By Richard Talbot | A bedtime story about a first-ever overnight babysitting gig that made this Papa cry all the way home |
Last night, alone in the car, in the snow, in the silence, I found myself crying all the way home.
My wife, Jan, and I had spent the afternoon and evening at our son Paul’s house. His wife, Kaitlin, went to an all-night affair with her sister. Paul, a customs officer at the airport, worked until 1:00 am.
It was the first time we’d babysat for our 2 ½-year-old granddaughter, June, at bedtime. Jan put her down around 8:30 pm. At 9:00, I heard them upstairs.
When I entered the darkened bedroom, June was sitting up and crying for her mommy and daddy. Jan was lying beside her, explaining that Daddy would be home later and Mommy would be home tomorrow.
I gently eased June down onto her pillow beside Jan. I began to sing an old lullaby we had sung to Paul thousands of times.
This little penny is a dancing penny / See how it glitters and it glows
“I need some back-up here,” I said. Jan joined in.
Bright as a whistle / Light as a thistle / Quick, quick as a wink / Down to your twinkling toes . . .
As we sang, June’s eyes closed and her breathing slowed. But when the song ended, her eyes flew open. It was time to pull out the big guns.
“June bug, I’m going to sing your daddy’s favorite song when he was little like you.”
Jan stroked June’s brow as I sang.
When a star is born / They possess a gift or two / And one of them is this / They have the power / To make a wish come true . . .
By song’s end, June was fast asleep. Jan smiled at me.
Smiling back, I whispered, “Papa fix.” Then I quietly rose and left the room.
I went downstairs and played with Paul’s computer, the only piece of electronics in the house I knew how to operate.
A little while later, Jan came downstairs and prepared to leave for our other daughter Kate’s house, where she would begin an overnight shift of babysitting our other grandchild if Kate were called in to work at the hospital.
I was given last-minute wife instructions; I can’t remember any of them now other than to listen for the baby. No problem. What could possibly go wrong?
An hour or so later, I heard the baby cry. I went upstairs to June’s room as fast as I dared, where I found her sitting up in bed, hair ruffled, tears streaming down her face.
“I want mommy,” June sniffed.
“Mommy isn’t here.” I caressed her shoulder. She shrugged it away.
“I want Daddy.”
“Daddy won’t be home till later.”
Throwing herself back onto her pillow, she demanded, “I want Grandma!”
I began to sing a song from Mary Poppins that I had sung to baby Paul 5,000 nights in a row.
Now stay awake and don’t you sleep / Though your pillow’s soft and deep / You’re not tired as you think / Stay awake, don’t nod and wink . . .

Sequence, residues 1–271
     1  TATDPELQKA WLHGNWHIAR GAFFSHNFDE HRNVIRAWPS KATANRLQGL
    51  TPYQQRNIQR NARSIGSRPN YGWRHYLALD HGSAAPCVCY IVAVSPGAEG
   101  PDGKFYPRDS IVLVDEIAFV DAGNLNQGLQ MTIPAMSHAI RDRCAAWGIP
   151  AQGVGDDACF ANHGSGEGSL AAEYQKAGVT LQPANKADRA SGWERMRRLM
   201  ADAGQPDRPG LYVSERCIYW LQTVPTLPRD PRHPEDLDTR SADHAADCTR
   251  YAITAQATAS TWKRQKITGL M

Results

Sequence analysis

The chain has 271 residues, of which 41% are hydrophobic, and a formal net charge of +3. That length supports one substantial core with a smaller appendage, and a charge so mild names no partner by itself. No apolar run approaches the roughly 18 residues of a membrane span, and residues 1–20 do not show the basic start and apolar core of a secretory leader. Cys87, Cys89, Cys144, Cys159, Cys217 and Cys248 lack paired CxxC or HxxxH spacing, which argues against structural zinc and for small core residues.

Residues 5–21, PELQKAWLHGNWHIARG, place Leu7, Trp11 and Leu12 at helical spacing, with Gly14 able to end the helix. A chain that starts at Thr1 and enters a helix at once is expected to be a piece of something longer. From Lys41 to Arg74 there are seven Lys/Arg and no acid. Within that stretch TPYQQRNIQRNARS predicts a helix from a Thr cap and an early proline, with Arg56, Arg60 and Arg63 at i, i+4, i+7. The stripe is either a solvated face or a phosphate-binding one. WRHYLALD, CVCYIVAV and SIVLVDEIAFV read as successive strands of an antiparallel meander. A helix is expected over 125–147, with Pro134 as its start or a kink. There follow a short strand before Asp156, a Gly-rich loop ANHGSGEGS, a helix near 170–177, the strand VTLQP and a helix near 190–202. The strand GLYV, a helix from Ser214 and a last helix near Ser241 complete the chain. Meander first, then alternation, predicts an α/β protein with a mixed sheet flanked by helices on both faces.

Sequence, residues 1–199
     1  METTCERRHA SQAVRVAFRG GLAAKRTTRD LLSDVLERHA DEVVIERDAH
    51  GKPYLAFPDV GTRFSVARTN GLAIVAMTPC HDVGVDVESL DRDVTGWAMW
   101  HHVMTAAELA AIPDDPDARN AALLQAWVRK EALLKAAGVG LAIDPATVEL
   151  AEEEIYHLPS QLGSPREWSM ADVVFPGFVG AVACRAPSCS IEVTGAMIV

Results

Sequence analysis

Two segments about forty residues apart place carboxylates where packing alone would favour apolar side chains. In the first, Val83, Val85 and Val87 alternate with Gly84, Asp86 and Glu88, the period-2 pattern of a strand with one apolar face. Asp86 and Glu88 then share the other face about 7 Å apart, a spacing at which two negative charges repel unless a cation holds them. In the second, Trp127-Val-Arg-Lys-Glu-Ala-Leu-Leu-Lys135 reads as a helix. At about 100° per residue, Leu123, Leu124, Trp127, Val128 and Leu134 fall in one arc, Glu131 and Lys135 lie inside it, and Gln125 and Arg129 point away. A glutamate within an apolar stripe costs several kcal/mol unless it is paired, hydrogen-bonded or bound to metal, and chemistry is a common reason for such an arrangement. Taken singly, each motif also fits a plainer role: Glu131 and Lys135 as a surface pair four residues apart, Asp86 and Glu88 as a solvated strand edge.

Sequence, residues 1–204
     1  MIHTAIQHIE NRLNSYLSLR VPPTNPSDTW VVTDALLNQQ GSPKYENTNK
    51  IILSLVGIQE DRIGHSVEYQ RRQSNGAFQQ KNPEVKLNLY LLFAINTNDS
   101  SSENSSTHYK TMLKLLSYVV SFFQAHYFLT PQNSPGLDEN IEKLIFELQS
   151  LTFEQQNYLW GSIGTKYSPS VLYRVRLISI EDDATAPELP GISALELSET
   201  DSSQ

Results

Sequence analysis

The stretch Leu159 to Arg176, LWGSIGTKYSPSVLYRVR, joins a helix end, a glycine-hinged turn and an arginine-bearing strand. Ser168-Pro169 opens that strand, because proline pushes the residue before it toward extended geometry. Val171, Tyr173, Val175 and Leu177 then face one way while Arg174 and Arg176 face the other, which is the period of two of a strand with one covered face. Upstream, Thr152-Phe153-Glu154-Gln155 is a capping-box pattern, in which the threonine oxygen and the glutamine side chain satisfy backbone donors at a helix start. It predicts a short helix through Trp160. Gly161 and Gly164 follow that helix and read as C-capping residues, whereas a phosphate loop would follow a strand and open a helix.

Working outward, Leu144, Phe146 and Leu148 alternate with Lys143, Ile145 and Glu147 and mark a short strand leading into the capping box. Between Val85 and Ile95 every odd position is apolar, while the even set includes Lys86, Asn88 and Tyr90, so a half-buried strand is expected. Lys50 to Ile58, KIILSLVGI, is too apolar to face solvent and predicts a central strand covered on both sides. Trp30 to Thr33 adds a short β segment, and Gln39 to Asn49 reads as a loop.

As I continued to sing, June’s crying subsided to stifled whimpers, and she began to settle down. By song’s end, her breathing had slowed to that of a child on the edge of sleep.
I immediately launched into my very best lullaby, from The Sound of Music.
I know I had a restless childhood / I might have been a miserable youth / But somewhere in my youth or childhood / There must have been a moment of truth . . .
That did the trick! I hummed the bridge as I gazed at the magical sight of my sleeping granddaughter and listened to her peaceful breathing.
My cell phone signaled an incoming text from Paul. I withdrew it from my pocket and read: I’m heading home now. Roads are snowy.
I texted back: I’m up in the baby’s room sleeping with her.
I closed my eyes, and with one hand resting on June’s heart and the other folded above the crown of her head, I began to drift off. My last thought was, Surely, I will hear Paul when he comes home.
Suddenly, I was awakened by the sensation of a warm, strong hand around mine. It was Paul. He had silently entered the room and taken my hand in his. He helped me to my feet, and we crept out of the room and downstairs in stocking feet.
At the bottom of the stairs, we embraced, and I whispered in his ear, “Oh, Paul. It’s been so long since I held a sleeping babe. It was, I don’t know, it was —”
I had no words.
He held me close as he always does.
“How often do you sleep with your baby?” I asked.
It made me glad to hear him say that, realizing he knew something that I now knew, too.
“Thank you, Paul, for letting me —” I started to choke up.
He kissed my cheek as I slipped on my coat.
What just happened? I wondered to myself, as I walked to my car.
The snow had been falling throughout the night. Soft and fluffy, it squeaked beneath my shoes and muffled the tires as I drove away. A few minutes later, at 1:30 am, alone in the car, in the snow, in the silence, I found myself crying all the way home.
Richard Talbot is a columnist and freelance journalist living in Falcon Heights, Minnesota. It is his particular bent to see the uncommon aspects of common things.